Stoves are a valuable addition to your heating system, especially if you are looking to improve the energy efficiency of your home. They are a cost-effective heating option as they burn relatively inexpensive fuel and reduce the need for central heating and cut down the use of electricity and gas.
Woodburning stove experts Charlton & Jenrick have introduced a PurevisionTM HD range of stoves, for example, which contain technologically advanced patented design features that result in clean-burning performance and thermal efficiency of up to 87.2%.
With lots to consider when choosing an efficient stove, from making sure it’s the right fit for your home to cleaning and maintaining your stove, we talk to Peter Mintoft, Managing Director at Charlton & Jenrick, as he gives us his top tips on how to heat your home efficiently throughout the winter months…
1. Use seasoned wood only
Use seasoned wood, ideally with a moisture content of no more than 20%. Burning firewood, if done so correctly, is highly environmentally friendly and sustainable as long as:
- You are using wood from sustainable woodland
- You burn seasoned wood
- You are burning seasoned wood on an EcoDesign stove
2. Use an efficient stove
An EcoDesign stove is best. It’s much more efficient than an open fire or outdated stove that does not use EcoDesign technology.
- The SIA (Stove Industry Alliance) used the services of a research company, Kiwa Gastec, whose report shows that modern clean-burning EcoDesign stoves can reduce particulate emissions by up to 90% compared to an open fire and 80-84% compared to an old stove. This finding was so important that the SIA created an ‘EcoDesign Ready’ labelling scheme to promote stoves meeting the efficiency and emissions regulations. Since 2017, the industry’s main manufacturers, including Charlton & Jenrick, have ensured that all newly designed wood burning stove models meet European environmental standards for particulate emissions.
- When researching a new stove ensure you should look for the SIA EcoDesign Ready Certification, SIA DEFRA Exempt for Wood Burning in Smokeless Zones (in the UK) and as well as meeting the more stringent clearSkies certification.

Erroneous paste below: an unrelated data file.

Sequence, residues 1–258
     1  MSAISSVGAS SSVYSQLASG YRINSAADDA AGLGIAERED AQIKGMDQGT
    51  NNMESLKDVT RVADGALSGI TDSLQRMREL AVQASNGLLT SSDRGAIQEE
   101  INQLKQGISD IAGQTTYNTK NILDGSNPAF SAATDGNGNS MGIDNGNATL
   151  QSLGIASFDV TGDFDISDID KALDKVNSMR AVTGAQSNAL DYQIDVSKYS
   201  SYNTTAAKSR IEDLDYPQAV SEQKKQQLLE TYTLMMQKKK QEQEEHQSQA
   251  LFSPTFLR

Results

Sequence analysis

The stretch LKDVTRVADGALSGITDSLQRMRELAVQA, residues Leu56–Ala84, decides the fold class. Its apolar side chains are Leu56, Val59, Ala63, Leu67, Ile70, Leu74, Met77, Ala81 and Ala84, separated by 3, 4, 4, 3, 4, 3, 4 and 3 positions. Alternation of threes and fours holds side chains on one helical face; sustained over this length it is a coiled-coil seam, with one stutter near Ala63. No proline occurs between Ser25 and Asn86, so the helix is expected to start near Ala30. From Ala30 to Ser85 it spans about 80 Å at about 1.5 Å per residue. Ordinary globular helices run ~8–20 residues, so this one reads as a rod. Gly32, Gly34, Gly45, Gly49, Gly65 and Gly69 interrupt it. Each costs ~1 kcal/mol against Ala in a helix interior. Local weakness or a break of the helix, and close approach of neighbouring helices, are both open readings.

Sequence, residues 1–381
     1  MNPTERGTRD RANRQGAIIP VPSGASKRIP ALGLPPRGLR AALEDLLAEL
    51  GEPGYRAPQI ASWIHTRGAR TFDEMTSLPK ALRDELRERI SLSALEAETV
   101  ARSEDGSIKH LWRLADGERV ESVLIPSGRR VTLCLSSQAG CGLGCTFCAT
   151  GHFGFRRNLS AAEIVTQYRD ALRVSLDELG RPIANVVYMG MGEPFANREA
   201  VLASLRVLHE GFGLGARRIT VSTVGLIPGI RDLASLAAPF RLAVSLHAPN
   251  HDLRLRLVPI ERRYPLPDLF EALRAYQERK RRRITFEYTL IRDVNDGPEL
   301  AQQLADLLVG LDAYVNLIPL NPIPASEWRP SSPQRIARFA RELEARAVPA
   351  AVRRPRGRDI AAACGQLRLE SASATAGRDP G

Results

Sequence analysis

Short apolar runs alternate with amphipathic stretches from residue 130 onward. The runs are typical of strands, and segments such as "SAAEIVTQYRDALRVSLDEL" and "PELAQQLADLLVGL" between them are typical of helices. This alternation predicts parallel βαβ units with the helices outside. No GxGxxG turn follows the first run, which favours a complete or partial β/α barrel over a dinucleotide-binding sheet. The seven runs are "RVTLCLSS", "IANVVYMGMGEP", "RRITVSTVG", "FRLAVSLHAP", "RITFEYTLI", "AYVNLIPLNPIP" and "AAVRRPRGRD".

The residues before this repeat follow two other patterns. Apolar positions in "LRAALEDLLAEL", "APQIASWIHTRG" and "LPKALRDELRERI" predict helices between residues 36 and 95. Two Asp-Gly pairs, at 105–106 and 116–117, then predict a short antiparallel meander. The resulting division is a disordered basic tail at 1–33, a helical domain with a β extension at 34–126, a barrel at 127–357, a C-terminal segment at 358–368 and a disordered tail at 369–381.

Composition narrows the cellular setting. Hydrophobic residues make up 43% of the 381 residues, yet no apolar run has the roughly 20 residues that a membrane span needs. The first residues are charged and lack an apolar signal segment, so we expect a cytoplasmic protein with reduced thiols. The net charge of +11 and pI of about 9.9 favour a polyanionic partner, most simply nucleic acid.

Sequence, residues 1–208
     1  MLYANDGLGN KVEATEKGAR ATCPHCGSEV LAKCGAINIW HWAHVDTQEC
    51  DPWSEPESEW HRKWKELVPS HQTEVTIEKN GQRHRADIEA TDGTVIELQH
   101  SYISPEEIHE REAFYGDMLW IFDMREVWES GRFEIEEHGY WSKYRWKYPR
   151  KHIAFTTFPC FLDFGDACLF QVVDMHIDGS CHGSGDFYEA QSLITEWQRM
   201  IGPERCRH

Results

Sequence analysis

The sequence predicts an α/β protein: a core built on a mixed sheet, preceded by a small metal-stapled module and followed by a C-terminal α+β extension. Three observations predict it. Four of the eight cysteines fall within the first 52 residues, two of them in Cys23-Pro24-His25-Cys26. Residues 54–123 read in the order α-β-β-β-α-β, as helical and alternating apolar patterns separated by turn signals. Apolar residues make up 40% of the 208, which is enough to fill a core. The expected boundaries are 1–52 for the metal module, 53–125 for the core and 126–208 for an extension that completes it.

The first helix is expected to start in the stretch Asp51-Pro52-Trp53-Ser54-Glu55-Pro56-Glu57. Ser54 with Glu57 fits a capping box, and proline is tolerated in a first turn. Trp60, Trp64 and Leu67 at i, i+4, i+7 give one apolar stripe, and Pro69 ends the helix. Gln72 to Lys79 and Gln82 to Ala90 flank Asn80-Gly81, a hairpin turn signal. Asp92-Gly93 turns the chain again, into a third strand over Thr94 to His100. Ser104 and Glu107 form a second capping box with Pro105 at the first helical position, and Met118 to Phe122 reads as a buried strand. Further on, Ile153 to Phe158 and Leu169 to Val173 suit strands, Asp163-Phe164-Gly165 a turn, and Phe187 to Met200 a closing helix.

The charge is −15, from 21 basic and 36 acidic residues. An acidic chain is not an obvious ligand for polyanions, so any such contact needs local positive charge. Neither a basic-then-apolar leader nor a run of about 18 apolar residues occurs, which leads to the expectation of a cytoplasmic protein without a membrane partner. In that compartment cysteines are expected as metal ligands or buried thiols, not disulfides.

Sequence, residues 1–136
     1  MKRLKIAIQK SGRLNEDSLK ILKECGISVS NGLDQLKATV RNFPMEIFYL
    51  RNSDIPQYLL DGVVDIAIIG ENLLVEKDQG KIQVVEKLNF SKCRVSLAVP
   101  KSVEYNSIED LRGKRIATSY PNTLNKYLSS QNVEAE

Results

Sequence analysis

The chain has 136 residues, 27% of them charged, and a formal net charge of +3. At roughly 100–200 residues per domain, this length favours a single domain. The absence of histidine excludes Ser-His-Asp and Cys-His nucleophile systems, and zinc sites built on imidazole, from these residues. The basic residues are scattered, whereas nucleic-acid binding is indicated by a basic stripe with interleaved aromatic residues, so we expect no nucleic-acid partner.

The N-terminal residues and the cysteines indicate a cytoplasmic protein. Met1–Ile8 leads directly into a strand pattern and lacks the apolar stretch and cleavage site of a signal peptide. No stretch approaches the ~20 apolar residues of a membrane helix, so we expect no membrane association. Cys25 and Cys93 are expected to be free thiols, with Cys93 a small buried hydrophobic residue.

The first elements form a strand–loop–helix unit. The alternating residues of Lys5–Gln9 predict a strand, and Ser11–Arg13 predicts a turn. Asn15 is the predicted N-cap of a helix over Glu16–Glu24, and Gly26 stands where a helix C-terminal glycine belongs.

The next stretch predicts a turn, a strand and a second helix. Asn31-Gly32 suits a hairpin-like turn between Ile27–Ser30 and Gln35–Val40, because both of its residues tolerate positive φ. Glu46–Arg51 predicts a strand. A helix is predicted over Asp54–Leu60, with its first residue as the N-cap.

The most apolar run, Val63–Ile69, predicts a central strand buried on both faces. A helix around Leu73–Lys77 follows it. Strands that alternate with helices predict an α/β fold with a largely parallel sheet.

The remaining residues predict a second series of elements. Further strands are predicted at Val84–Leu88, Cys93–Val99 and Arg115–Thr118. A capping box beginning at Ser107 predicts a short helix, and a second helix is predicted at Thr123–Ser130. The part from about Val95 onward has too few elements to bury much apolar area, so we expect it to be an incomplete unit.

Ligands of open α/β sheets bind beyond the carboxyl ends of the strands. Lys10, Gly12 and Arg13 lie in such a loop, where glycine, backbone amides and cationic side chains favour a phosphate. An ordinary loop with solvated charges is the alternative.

3. Remember the top-down lighting method
There are a number of methods to light a stove, where speed and efficiency with a good burn and creating the least amount of smoke as possible should be at the forefront of your mind.
Using the tried and tested top-down method is best as it helps ensure:
- A cleaner and quicker ignition with less smoke
- A hotter and longer burn for the duration of the fire
The science behind top-down:
The top-down method is recommended as it produces a great deal of heat with minimal smoke. This is a concept known as ‘complete combustion’. If you light a fire from the bottom, the flames have a hard time heating the wood above it.
Heated wood from the larger logs releases gases that create smoke. With the top-down method, the flames from the kindling will heat the larger logs at the bottom – and this creates much less smoke.
4. Keep a fire hot
Keeping a fire hot and not “running down” what you have is a good idea. When a fire is hot, it’s efficient. Letting it use up the firewood before adding more will ultimately use more fuel, so try to avoid this.
5. Have your chimney and flue swept regularly
In the UK HETAS* recommends that you should have your chimney swept at least twice a year when burning wood. It’s much safer to use a time-based measure to know when to have your chimney swept. This is not always possible, for example, if you have moved into a new property. There are some telltale signs that your chimney needs sweeping:
- If your room fills with smoke when a fire is lit
- There is a bad odour coming from the chimney
- Visible tar deposits or soot dropping into the fireplace
- If your fire takes a long time to start
EcoDesign stoves produce up to 80% lower emissions than old stoves and are up to 90% better than an open fire. They are a genuine low-carbon alternative to using fossil fuels and can easily work as part of a local renewable fuel ecosystem. Stoves use logs from thinning (woodland management) and dead tree removal that would otherwise rot and produce waste gases.
* HETAS – Heating Equipment Testing and Approvals Scheme, the UK’s official body recognised by the government to authorise solid fuel domestic heating appliances, biomass, fuels and services.
This is a sponsored article, created as part of a partnership between enki and Charlton & Jenrick.
Discover more about Charlton & Jenrick, industry leading makers of woodburning stoves and electric and gas fires.
Read more design news on enki, including the opening of the new Mud Australia store on London’s Marylebone Lane, where you’ll find an array of beautiful and sustainable handmade pottery.